Trailhead parking questions - The Horse Forum
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post #1 of 7 Old 11-10-2019, 03:18 PM Thread Starter
Yearling
 
Join Date: Sep 2018
Location: CenTex
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Trailhead parking questions

I'm starting to imagine taking our horses (well, not Teddy, sigh) out on some trails. I've hiked all of the trails at a nearby state park and I'd be comfortable taking Moonshine and Pony out there. I checked out the trailhead parking, though, and I have questions.

This place has a great set-up, with several little pens, water troughs, and ample parking. At least, it looks ample on the weekdays when no one is there. Both parking lots are basically long rectangles with no markings to indicate where to park.

1. Where would I park in such a place? At the edge of the lot, like parallel and against the side? If so, which side? Not the side that has the driveway going into it, right? In the middle? I am guessing that parking right next to one of the pens could be rude since it might impede people from using them.

2. Is there a polite way to indicate to others what I consider enough space around my rig for me to manuever out again? I'm an early person, so I'd probably be one of the first ones there, so I'd be able to go to the end of the lot and swing around so I wouldn't have to back out. But I would still need a certain amount of space behind my trailer to where I could load them up again. And it wouldn't be good to come back to find someone parked right in front me, so I couldn't just pull out.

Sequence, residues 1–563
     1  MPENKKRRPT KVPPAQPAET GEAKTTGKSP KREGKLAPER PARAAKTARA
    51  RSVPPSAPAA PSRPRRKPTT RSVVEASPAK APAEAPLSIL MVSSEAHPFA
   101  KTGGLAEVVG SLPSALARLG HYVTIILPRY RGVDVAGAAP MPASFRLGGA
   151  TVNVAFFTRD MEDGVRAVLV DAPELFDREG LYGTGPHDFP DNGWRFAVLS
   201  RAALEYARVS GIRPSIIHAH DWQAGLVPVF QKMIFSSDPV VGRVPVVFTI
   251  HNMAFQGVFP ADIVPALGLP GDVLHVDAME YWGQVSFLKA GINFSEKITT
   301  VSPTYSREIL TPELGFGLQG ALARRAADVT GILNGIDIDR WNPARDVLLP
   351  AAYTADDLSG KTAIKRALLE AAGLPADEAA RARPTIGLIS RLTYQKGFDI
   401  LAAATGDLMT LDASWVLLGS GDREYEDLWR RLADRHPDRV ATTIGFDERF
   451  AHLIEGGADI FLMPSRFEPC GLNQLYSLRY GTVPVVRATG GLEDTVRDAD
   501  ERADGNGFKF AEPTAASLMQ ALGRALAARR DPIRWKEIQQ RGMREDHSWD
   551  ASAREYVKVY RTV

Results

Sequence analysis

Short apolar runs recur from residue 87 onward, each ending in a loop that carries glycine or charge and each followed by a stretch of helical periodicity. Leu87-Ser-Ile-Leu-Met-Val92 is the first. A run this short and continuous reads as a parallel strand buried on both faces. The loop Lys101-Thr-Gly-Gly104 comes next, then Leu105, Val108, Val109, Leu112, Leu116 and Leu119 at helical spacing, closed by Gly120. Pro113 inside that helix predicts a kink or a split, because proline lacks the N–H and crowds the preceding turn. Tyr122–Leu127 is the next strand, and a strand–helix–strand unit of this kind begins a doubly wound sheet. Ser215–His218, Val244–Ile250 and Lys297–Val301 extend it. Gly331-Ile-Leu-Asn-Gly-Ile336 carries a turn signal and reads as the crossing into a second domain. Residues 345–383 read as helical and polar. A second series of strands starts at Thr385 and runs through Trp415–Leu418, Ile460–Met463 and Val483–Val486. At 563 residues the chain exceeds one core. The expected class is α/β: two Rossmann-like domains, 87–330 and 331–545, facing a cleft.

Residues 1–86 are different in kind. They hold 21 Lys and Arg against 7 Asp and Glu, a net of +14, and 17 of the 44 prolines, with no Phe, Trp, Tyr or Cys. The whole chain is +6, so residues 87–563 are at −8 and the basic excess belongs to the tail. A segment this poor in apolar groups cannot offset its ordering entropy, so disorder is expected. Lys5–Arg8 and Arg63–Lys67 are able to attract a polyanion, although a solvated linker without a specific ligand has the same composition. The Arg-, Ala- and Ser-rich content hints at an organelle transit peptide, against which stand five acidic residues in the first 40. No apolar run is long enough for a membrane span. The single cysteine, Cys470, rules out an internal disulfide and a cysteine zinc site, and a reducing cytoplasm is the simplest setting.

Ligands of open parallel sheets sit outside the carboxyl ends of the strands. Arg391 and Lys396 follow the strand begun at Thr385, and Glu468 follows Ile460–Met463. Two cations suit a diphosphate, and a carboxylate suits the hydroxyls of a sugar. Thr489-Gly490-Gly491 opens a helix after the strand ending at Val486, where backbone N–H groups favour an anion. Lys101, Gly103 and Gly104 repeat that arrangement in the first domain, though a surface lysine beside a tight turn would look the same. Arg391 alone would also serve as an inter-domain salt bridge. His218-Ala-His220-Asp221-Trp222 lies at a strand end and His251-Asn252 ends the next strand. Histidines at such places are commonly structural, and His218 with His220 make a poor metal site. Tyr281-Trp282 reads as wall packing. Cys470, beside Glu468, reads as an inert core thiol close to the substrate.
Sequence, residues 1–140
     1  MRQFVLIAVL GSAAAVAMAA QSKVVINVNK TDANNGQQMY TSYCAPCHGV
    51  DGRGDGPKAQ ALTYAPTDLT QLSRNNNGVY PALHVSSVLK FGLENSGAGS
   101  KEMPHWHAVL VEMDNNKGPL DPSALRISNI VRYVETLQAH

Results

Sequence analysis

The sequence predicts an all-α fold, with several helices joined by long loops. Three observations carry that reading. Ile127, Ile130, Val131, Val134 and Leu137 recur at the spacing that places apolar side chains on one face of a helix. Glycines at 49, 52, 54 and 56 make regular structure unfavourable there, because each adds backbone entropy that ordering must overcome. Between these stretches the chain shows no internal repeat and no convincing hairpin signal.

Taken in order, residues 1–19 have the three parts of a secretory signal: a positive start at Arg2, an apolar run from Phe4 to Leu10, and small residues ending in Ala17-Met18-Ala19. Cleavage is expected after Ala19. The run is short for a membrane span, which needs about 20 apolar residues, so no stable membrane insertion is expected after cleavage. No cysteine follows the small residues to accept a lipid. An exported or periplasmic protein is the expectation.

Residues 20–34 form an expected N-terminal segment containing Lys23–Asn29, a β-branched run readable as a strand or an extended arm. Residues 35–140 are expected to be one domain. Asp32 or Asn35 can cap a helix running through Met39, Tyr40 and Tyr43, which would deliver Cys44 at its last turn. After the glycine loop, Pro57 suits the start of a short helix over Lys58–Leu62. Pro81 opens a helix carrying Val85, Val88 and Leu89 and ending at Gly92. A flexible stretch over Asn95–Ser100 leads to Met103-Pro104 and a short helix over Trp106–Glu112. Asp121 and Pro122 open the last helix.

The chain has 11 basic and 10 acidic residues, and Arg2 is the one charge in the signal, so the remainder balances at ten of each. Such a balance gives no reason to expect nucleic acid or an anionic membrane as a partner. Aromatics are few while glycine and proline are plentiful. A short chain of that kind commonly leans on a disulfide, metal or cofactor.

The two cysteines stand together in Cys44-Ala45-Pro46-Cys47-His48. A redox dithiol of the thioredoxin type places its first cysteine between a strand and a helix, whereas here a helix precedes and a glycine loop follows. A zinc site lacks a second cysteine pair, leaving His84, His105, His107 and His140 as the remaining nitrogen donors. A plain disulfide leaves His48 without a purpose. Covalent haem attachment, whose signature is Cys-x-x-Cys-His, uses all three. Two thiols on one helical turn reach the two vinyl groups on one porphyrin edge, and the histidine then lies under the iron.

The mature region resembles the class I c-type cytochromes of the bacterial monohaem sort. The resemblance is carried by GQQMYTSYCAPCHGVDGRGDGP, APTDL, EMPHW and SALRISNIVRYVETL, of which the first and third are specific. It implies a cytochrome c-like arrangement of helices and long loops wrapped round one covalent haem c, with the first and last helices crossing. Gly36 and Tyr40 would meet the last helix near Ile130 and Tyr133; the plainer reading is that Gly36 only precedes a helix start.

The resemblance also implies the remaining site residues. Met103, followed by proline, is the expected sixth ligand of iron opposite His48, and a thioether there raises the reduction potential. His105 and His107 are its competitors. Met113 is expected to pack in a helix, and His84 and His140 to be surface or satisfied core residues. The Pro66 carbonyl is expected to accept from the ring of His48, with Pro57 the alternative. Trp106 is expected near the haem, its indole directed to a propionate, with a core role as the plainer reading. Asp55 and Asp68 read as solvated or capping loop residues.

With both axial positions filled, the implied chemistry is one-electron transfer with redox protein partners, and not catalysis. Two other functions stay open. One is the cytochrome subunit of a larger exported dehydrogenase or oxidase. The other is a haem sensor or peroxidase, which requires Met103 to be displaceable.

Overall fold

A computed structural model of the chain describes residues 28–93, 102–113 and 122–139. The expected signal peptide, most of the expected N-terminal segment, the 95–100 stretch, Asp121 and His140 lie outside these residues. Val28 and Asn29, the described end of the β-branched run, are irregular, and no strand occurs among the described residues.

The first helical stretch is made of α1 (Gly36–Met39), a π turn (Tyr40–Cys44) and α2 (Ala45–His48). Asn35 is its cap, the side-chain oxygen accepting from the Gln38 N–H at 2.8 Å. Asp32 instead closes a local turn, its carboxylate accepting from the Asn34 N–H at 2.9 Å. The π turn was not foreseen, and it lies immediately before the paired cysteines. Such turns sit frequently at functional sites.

Basically, for a trailhead parking lot that is just open, with no indications of who should park where, where is the right place to park? And how do I keep people from hemming me in afterwards?

ETA: and if anyone has any suggestions about questions I didn't even think to ask, please let me know!

Last edited by ACinATX; 11-10-2019 at 03:35 PM.
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post #2 of 7 Old 11-10-2019, 03:49 PM
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Join Date: Jul 2015
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Park with your nose right where you need it to be to pull out, if at all possible. If you think someone is going to park right up against your trailer doors, put cones out behind you. You may lose them to a total jerk but at least you tried.

Short horse lover
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post #3 of 7 Old 11-10-2019, 04:20 PM
Foal
 
Join Date: Aug 2018
Location: NC
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Pull in to where you are able to just pull out and be able to swing if someone is beside you. Hopefully other riders will be considerate, at least I am when I park. No one should park right behind you. Is there designated trailer parking vs car parking? One of the places I go to has that but people in cars will STILL park in the horse trailer area and in the middle, one time I pulled right up against the door, too chicken to get close enough to where they couldn't open it but was there when they went to their car, I asked them if they had seen the sign that said designated for horse trailers only.... no... it's RIGHT when you pull in.